Understanding ourselves through studying politics abroad

Hi GLPers, my name is Tony and I am in my final semester of Master of Accounting (CPA Extension). I would like to share with you my experiences of studying in a different country.

Through the GLP, I have done a 3-week program, International relations and the Middle East: a comparative European Perspective, in July 2016 in Milan, Italy and a 4-week program, GoAndes – Leadership, in Santiago, Chile earlier this year (watch this short video to find out more about GoAndes).

In a globalised world understanding different cultures is part of our everyday. Indisputably, the best way to understand a culture is to be in the culture yourself, rather than watching TV or reading travel books. Who would say no to spending some time with a local family and participating in their social activities? After all, culture is not about books, but people.

Overlooking Santiago on top of San Cristóbal Hill

On San Cristobal Hill, overlooking Santiago, Chile, Go Andes Program, 2017.

To understand a culture from a ‘people’ point of view, two approaches are critical: we need to understand the way people think and we need to spend time with people. An overseas short-term program with a focus on politics perfectly meets this criteria.

Political discussions expose you to a diversity of perspectives. Studying politics encourages you to analyse a range of areas including history, behavioural patterns, economics and international relations. On the GoAndes Program in Chile, we heard from local professors and made friends with local students. Talking about politics with locals helps us understand how they think, in addition to what they think and why they think that way. In Chile, we also went on cultural excursions to politically or culturally important places, plus of course there were opportunities to go to parties organised by the local students!

Studying politics overseas also helps us identify and appreciate differences among cultures. Why do we want to study abroad? The obvious answer is that we are trying to actively experience difference. I guess it is also fair to say that we are all on the journey of trying to understand ourselves and the world better. Only through experiencing diversity can we have a proper understanding of ourselves. It is the idea of absoluteness and relativity. Cultural diversity only makes sense when considered from a relative point of view. Undoubtedly, studying abroad can facilitate our self-reflection and help us develop a deeper understanding of ourselves and the world.

Through my experiences, I gained valuable insights into cultural diversity, in addition to meeting awesome people. In Italy, I was able to understand how the current social climate of the Middle East came about, and appreciate the role of the Middle East in international politics. In Chile, I learnt that the greatest free-market reform of our time occurred in Chile under the Pinochet Administration, and had a chance to sample Carménère, a prominent wine producing grape in Chile and Pisco, a special Chilean spirit.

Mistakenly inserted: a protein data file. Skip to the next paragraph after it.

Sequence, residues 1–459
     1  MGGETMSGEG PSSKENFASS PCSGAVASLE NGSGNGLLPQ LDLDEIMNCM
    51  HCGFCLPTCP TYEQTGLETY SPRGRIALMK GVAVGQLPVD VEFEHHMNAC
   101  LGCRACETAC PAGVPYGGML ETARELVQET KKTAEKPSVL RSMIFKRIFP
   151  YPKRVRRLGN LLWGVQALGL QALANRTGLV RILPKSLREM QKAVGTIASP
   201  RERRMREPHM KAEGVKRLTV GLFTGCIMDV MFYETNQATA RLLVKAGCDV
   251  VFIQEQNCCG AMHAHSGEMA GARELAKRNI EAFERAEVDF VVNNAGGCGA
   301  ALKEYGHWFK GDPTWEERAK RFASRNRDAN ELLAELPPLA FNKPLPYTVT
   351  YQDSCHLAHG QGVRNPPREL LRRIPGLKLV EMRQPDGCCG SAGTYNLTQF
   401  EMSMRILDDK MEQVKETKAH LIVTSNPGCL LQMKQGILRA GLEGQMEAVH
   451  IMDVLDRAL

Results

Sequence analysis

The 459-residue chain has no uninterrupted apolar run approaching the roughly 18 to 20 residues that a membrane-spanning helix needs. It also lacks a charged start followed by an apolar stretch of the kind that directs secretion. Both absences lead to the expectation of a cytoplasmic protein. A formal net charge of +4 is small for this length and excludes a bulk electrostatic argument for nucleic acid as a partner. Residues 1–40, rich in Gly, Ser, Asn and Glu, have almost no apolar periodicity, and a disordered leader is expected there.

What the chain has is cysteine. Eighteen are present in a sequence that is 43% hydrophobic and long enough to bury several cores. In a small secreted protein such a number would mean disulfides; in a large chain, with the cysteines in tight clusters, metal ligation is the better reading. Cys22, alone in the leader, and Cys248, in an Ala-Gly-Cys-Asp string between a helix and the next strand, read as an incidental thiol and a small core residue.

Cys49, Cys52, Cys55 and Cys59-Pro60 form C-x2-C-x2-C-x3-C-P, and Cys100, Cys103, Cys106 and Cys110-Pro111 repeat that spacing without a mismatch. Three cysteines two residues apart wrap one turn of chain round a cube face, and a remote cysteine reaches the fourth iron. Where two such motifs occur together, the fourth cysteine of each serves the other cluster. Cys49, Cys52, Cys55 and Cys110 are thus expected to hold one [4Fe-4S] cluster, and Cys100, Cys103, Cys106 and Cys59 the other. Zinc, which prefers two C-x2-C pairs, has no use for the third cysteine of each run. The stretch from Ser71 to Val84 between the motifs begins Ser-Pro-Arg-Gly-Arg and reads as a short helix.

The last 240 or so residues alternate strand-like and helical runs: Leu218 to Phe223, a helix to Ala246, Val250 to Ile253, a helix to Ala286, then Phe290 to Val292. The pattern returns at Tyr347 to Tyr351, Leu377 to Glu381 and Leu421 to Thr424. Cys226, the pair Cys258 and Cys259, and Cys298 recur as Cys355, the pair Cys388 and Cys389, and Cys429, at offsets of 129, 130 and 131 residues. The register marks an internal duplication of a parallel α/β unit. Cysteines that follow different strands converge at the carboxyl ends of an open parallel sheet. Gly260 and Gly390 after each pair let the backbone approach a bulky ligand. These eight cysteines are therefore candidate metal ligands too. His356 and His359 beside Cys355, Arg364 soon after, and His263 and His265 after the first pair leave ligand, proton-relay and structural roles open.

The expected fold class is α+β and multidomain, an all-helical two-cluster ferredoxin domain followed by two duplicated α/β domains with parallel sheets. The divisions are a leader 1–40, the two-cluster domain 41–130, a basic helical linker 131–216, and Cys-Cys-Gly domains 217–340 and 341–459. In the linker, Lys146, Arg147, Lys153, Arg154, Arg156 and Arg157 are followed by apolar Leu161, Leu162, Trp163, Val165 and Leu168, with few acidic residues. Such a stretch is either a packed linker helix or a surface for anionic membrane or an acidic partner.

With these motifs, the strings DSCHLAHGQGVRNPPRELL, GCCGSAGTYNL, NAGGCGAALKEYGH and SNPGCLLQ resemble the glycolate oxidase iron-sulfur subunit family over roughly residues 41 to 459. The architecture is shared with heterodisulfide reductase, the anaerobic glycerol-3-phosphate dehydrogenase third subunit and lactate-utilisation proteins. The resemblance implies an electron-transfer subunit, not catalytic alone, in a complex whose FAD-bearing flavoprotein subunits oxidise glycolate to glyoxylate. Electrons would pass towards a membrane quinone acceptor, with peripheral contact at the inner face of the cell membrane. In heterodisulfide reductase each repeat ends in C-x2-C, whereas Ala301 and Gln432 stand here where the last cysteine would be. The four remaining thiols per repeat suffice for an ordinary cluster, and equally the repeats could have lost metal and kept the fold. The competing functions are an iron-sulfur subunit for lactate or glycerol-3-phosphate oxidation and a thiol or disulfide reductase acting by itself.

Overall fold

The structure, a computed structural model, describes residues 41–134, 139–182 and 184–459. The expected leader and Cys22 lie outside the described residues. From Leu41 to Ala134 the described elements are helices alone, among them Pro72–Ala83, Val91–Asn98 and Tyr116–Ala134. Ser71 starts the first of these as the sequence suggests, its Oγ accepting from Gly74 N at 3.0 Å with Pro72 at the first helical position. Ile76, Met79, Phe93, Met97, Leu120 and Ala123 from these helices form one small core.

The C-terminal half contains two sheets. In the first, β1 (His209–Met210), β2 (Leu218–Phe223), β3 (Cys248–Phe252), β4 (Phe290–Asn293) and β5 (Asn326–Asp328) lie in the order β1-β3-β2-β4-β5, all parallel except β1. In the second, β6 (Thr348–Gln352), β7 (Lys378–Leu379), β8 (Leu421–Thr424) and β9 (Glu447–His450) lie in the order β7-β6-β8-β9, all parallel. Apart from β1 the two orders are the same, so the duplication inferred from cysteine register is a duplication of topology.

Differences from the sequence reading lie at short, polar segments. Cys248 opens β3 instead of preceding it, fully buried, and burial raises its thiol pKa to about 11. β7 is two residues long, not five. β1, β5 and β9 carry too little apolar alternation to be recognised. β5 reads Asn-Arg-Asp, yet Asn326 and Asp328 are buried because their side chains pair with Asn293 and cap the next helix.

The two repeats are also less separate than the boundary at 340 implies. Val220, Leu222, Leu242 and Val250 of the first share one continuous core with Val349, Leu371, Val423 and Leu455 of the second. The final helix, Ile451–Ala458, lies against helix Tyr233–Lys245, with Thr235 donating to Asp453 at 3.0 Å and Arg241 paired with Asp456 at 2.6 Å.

Deep in the Andes

Deep in the Andes Mountains, Chile, Go Andes Program, 2017.

I would like to end with some comments on how we should appreciate and value differences. On the one hand, it is important to appreciate the fact that each and every culture is unique. We should respect and value all those differences because those differences define our cultures, and to a large extent, make us who we are. On the other hand, it is equally important to be able to find common ground among people with a different background to your own. Understanding that we are not that different and we can be brothers and sisters with each other, would help make the world a better place, for every one of us.

Written by Tony Zhu. Tony is an international postgraduate student in the final Session of his Masters. After he graduates he plans to write a book on his experiences as an international student in Sydney. He says that studying in Milan and Santiago got him thinking more about cultural diversity and how people could develop themselves to live better lives with cultures that differ from their own. He would like to share this thinking in mentoring younger international students. 

Tony has almost completed his GLP, counting his short term program in Italy as his Cross Cultural Practicum. Along with participating in Think Tanks, Tony has also attended seminars on US Politics, China-Australia relations and the GLP Foreign Affairs Series and Innovative Leaders Series. 


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